44,000 votes to win a Tory seat, 29,000 votes for a Labour seat. How many votes for a LibDum seat? So why would Labour not be there to stir the mix. It is in Labours favour to keep it as it is. Very principled.

  • http://www.facebook.com/people/Andrew-Paul-Shakespeare/715581221 Andrew Paul Shakespeare

    How would scrapping the commission save money? The MP’s on it are all salaried, as are the secretaries and various others working on it. Presumably, they meet in rooms in Parliament, so they’re not paying rent. Who would be laid off as a result of the commission’s scrappage?

    Disingenuous as ever, Harman knows this. And just who is she to whinge about wasting money, formerly Gordon Clown’s right-hand woman (or should that be “person”), and supporter of Ed Balls’ determination to return to the glory days of spend, spend, spend?

  • http://www.facebook.com/people/Andrew-Paul-Shakespeare/715581221 Andrew Paul Shakespeare

    How would scrapping the commission save money? The MP’s on it are all salaried, as are the secretaries and various others working on it. Presumably, they meet in rooms in Parliament, so they’re not paying rent. Who would be laid off as a result of the commission’s scrappage?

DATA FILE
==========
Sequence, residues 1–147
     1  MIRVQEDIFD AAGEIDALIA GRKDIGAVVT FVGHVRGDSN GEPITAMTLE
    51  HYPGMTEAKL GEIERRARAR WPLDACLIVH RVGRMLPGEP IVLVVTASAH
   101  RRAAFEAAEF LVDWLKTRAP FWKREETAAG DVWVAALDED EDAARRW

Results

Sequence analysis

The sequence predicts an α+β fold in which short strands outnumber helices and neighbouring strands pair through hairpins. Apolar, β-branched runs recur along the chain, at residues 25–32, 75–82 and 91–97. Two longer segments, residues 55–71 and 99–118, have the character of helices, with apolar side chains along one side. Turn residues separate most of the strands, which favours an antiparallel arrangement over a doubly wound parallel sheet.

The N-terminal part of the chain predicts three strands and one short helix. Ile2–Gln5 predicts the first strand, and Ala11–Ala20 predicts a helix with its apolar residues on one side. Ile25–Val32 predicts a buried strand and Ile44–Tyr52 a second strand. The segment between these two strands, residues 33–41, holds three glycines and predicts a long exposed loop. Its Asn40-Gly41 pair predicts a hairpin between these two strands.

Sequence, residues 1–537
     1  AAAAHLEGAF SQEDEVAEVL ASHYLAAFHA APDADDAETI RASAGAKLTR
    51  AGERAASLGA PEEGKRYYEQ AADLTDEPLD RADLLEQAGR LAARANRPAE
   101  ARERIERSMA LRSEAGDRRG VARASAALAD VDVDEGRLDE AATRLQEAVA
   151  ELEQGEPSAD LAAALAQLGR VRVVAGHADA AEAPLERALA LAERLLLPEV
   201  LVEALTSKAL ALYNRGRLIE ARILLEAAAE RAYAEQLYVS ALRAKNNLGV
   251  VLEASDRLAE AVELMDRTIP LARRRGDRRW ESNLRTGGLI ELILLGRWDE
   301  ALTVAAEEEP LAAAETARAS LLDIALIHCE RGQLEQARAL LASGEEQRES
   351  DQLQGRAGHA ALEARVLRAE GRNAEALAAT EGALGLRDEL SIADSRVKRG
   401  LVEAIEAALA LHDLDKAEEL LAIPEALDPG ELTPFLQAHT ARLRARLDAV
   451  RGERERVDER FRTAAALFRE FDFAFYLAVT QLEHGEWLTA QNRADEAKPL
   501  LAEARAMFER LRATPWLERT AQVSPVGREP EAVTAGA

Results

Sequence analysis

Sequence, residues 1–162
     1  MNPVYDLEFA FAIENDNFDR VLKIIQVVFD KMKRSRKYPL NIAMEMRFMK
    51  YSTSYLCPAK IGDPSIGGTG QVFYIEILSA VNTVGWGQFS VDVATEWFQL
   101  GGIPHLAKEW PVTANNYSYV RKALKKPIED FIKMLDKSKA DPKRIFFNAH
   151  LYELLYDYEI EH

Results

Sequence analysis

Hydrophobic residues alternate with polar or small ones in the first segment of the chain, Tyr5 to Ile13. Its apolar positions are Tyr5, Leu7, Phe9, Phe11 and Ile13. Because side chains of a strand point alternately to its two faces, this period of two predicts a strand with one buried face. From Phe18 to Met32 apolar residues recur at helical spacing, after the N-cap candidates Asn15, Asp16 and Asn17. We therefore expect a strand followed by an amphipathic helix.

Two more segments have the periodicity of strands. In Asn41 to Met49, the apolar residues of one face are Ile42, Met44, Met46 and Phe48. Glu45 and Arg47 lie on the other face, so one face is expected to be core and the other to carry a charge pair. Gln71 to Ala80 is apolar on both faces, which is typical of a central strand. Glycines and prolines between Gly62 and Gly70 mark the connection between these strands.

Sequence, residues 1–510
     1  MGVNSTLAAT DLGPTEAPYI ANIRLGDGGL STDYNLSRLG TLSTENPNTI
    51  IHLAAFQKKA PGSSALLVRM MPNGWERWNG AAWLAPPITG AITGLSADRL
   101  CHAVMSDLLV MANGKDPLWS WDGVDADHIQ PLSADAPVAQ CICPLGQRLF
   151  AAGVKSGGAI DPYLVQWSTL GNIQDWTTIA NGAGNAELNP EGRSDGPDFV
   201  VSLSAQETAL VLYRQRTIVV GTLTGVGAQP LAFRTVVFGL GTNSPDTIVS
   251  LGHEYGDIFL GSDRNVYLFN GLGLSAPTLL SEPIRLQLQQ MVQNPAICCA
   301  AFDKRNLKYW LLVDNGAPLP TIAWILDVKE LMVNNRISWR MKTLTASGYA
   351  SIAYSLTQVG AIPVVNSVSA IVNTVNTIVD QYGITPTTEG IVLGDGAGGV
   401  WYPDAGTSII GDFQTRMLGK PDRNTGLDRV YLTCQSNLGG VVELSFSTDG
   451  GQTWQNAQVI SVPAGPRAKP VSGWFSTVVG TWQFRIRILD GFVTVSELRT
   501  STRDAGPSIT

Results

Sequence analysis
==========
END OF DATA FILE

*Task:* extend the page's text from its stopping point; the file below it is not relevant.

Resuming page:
Disingenuous as ever, Harman knows this. And just who is she to whinge about wasting money, formerly Gordon Clown’s right-hand woman (or should that be “person”), and supporter of Ed Balls’ determination to return to the glory days of spend, spend, spend?

  • Archimedes

    “I understand David Cameron did not come away from that particular conversation believing the two men had agreed that this sort of rebellion would be acceptable.”

    Good – that sounds a little more prime-ministerial.

  • Andy

    The Boundary Review should go ahead. It should not be subject to any Vote. And actually I for one would have reduced the number of seats further.

    • Jim

      By a factor of two, I suggest…………

  • Charlie

    It is absurd how ministers of all parties use the excuse of “there is a law” to bind them. They are legislators, so they can change it.

    • Douglas Carter

      It’s only a law if it suits them.
      If it doesn’t, its ‘an ancient obstacle which has no place in the legislation of a modern country’.

Close
Can't find your Web ID? Click here